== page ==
Here’s an example:

You have a $500 bankroll. You’re going to gamble for a few hours in the casino.

You set a win goal of $500. Once you’ve won $500 or more, you’re going to quit for the day.

You set a stop loss limit of $250. Once you’ve lost $250, you’re going to quit for the day.

Critics of this type of system argue that it does nothing to improve or lessen your chances of winning.

They are absolutely correct about this.

But it doesn’t matter.

Casino games are negative expectation games. If you play them long enough, and if you consider them one long session, as the gambling math experts advise, you will almost certainly lose all the money you put into action.

If that’s the case, what does it hurt to create some arbitrary rules for starting and stopping a gambling session?

As long as you’re not under the impression that you’re going to increase your chances of winning, you can use money management techniques to your heart’s content.

3. Play the slot machines to your heart’s content—even if you’re at the airport.

The common wisdom among experts is that you should avoid slot machines because the average hourly loss is too high. 600 spins an hour at $5 per spin is $3000 in action. With a house edge of maybe 5%, you’re looking at an hourly loss of $150, on average.

But that’s not necessarily a bad thing—as long as you’re having fun.

In fact, what most gambling experts ignore is that you’re going to lose all your money playing a negative expectation game anyway. It doesn’t matter if the house edge is 1% or 50%. That’s just how the math works.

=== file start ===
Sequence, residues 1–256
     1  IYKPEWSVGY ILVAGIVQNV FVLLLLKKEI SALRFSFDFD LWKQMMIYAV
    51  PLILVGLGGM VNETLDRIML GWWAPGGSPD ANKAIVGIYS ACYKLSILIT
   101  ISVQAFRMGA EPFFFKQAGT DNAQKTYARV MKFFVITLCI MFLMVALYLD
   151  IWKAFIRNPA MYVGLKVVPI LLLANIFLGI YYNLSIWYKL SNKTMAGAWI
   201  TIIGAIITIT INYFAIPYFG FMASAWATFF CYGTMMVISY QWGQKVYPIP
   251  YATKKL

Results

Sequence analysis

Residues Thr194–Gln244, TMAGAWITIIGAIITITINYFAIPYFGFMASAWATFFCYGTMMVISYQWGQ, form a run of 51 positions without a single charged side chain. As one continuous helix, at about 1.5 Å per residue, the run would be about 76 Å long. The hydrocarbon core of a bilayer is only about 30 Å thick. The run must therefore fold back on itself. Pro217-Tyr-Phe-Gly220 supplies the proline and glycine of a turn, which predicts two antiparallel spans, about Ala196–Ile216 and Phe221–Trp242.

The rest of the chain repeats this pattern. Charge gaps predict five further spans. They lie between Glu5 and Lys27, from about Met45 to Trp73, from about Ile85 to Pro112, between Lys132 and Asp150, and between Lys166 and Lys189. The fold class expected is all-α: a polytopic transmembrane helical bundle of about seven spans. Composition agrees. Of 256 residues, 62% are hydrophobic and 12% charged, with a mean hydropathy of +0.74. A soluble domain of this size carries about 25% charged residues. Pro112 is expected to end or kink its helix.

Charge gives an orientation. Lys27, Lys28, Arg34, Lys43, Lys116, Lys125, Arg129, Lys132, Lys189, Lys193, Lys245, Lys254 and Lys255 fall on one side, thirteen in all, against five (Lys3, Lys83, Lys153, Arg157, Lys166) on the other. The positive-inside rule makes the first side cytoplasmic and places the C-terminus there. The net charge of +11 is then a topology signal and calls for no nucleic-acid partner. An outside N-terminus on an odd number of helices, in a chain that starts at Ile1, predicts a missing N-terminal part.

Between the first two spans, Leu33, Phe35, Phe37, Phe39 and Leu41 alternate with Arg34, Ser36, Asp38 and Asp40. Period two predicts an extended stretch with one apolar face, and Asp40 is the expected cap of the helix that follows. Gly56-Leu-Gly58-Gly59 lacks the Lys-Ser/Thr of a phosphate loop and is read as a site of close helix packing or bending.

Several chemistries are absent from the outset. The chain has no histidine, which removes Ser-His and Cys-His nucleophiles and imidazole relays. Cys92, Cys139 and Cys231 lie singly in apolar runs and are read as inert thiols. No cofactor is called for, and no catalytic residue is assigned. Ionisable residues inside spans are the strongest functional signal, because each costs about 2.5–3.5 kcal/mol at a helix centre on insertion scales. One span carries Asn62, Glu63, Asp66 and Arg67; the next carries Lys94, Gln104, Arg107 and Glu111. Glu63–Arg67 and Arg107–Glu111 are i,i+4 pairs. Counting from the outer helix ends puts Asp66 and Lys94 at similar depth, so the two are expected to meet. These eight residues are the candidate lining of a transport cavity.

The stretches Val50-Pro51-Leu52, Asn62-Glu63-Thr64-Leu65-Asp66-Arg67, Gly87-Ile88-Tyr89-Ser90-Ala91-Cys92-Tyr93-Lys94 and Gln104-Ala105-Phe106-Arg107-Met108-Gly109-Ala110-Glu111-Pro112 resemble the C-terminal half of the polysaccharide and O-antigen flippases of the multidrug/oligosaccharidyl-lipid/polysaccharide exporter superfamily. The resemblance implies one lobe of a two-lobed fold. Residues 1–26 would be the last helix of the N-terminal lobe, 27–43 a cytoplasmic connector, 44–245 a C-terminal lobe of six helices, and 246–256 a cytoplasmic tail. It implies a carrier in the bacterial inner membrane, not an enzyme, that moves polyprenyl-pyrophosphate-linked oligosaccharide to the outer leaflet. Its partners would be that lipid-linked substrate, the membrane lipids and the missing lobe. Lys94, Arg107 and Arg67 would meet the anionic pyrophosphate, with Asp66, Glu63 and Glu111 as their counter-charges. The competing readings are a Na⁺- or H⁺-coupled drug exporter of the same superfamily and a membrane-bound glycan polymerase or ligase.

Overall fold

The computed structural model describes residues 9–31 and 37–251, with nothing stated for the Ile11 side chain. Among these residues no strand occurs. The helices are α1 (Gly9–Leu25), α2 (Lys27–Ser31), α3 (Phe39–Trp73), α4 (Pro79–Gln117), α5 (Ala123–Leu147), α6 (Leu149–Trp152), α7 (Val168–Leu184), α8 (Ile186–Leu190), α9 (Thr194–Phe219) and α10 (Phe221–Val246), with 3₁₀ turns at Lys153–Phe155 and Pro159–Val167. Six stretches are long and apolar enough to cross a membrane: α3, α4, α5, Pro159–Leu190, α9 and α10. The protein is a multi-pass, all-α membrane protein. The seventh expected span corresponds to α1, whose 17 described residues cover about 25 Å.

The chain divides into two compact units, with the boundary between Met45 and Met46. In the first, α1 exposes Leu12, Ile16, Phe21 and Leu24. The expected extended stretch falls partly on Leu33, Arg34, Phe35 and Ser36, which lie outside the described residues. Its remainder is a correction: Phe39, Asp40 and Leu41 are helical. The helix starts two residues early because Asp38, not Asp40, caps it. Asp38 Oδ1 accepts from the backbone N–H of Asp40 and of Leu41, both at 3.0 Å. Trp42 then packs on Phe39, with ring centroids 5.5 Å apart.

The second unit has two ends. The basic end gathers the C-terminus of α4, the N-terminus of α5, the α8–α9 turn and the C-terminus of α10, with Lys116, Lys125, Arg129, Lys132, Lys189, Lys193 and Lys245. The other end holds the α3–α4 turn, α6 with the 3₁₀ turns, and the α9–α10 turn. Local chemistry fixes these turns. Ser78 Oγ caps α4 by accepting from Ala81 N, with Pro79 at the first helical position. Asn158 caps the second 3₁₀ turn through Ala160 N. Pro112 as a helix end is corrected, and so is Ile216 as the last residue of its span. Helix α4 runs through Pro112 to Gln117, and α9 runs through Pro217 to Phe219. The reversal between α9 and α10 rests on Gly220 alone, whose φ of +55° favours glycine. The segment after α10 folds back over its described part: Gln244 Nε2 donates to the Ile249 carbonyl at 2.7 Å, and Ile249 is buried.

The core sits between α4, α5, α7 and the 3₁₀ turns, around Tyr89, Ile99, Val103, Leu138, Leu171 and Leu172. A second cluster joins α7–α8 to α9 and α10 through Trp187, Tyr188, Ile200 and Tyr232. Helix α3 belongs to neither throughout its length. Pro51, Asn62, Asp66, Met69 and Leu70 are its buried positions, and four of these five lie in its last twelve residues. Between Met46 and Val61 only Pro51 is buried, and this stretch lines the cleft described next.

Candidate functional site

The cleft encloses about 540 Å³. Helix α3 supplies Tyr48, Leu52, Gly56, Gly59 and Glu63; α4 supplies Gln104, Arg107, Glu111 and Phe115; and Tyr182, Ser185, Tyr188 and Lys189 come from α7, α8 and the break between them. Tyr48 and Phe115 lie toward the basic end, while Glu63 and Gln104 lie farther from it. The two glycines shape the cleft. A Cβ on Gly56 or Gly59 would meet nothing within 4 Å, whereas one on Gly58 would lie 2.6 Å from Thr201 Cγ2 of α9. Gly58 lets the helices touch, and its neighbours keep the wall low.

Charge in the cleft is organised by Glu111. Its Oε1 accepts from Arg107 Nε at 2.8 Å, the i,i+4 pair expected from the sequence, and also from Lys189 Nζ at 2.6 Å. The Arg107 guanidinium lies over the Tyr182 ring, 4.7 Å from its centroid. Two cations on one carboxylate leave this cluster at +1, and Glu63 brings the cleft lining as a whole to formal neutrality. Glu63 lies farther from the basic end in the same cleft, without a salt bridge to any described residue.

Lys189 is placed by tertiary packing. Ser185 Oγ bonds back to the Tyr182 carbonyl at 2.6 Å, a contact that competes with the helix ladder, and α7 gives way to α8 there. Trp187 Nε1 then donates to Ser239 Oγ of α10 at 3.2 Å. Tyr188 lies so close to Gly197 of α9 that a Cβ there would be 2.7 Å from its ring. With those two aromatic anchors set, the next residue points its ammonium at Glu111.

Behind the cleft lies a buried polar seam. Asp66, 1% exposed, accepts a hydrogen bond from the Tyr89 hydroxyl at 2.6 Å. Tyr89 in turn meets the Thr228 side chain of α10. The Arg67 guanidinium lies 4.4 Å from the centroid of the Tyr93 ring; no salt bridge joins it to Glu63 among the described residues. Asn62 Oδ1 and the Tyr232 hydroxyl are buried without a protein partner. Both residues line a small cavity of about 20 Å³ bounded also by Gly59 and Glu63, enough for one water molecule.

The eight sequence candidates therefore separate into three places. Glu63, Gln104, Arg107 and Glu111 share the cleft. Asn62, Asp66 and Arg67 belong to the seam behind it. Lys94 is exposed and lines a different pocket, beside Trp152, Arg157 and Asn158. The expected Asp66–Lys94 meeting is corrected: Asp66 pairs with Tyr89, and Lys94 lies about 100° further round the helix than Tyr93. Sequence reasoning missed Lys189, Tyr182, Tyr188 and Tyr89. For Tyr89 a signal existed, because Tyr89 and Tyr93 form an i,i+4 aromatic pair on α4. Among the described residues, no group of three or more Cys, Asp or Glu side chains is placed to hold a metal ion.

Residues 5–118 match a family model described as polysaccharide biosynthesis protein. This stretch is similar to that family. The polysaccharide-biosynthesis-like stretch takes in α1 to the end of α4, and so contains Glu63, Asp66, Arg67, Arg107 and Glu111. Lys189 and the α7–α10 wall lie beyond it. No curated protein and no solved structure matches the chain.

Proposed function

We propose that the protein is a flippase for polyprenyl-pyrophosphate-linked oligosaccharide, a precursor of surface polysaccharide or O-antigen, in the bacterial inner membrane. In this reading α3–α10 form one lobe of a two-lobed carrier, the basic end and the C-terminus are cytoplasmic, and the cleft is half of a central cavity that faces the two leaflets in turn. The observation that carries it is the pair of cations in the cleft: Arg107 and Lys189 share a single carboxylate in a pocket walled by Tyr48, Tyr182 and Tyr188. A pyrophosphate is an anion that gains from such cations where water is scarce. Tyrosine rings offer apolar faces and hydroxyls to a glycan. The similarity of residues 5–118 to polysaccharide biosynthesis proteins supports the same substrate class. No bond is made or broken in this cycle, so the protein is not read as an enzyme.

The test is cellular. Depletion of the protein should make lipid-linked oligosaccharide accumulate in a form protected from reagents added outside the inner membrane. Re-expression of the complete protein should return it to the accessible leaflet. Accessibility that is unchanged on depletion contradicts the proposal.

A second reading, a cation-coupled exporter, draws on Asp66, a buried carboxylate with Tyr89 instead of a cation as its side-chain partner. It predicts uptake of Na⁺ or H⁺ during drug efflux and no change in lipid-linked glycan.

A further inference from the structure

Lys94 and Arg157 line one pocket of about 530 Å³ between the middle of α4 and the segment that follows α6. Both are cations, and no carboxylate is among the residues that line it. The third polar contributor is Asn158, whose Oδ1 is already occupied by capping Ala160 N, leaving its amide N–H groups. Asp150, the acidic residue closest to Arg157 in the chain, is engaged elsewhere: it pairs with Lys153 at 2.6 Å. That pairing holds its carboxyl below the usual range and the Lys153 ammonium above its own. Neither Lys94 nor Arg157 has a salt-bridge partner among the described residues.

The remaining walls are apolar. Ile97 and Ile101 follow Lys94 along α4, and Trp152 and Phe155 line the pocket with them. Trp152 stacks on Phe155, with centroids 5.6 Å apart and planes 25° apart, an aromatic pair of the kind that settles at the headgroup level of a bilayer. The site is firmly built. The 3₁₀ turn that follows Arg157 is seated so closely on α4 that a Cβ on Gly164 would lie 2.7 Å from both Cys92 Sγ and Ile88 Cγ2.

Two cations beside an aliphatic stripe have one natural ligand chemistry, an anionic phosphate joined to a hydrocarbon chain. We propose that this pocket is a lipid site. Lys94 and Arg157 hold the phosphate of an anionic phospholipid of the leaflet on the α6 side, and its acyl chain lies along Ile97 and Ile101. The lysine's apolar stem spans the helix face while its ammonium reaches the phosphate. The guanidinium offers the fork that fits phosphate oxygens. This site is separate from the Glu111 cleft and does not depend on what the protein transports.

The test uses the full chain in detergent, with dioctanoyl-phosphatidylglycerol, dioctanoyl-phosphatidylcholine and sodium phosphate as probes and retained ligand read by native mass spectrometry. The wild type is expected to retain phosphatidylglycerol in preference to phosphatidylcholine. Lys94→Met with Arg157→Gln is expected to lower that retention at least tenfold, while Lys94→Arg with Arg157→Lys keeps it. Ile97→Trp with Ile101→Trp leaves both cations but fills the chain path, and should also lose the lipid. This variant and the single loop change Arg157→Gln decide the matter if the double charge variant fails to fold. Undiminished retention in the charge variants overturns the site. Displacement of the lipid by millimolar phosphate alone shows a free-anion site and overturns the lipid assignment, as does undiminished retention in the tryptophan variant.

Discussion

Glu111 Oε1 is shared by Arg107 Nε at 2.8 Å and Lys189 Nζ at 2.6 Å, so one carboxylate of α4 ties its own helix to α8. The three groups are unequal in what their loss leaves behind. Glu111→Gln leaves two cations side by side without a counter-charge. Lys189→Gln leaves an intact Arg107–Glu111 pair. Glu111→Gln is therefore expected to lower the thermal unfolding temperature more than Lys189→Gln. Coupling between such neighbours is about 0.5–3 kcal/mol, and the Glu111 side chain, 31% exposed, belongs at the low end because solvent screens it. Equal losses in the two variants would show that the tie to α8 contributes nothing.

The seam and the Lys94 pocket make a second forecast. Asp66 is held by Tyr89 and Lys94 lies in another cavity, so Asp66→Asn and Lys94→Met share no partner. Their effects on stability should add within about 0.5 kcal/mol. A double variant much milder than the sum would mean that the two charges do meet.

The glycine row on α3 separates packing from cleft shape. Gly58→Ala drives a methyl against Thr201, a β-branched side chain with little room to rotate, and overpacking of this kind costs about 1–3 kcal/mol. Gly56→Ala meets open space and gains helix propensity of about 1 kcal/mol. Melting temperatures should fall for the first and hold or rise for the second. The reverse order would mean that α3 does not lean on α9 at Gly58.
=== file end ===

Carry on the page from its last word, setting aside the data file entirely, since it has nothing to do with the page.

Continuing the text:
The common advice is to play blackjack or video poker instead, in order to take advantage of the low house edge.

But what if you don’t like playing cards?

What if you don’t want to make decisions about how to play this hand or that one?

Slot machines are good for mindless action and a shot at a big win. The maximum jackpot on a slots game can be exponentially larger than on almost any of the other recommended casino games available.

Yeah, winning a slots jackpot is a long shot.

But you DID say you were a gambler, right?

4. Don’t worry about joining the slots club or the players’ club.

You’ve probably seen this advice repeated excessively:

“Always join the slots club, and always play with the card inserted into the machine.”

I’m here to tell you that it ain’t necessarily so.

The casinos have carefully analyzed how much additional play you’re going to bring them based on these incentives. If they weren’t making a profit from every perk or reward they offered you, they wouldn’t be offering it.

Sure, if you’re going to be gambling anyway, you might as well take advantage of these perks.

But at the same time, if you’re easily swayed by things like bonuses and incentives, joining the slots club might be the opposite of what you need to do.

And as I’ve pointed out in some of these earlier tips already, the expected value of these bets, even when you add back in the incentives, is still negative.

Play long enough, and you’ll lose all your money—including the value of those free buffet tickets.

5. Don’t bother learning basic strategy in blackjack.

Here’s what blackjack experts neglect to mention a lot of the time.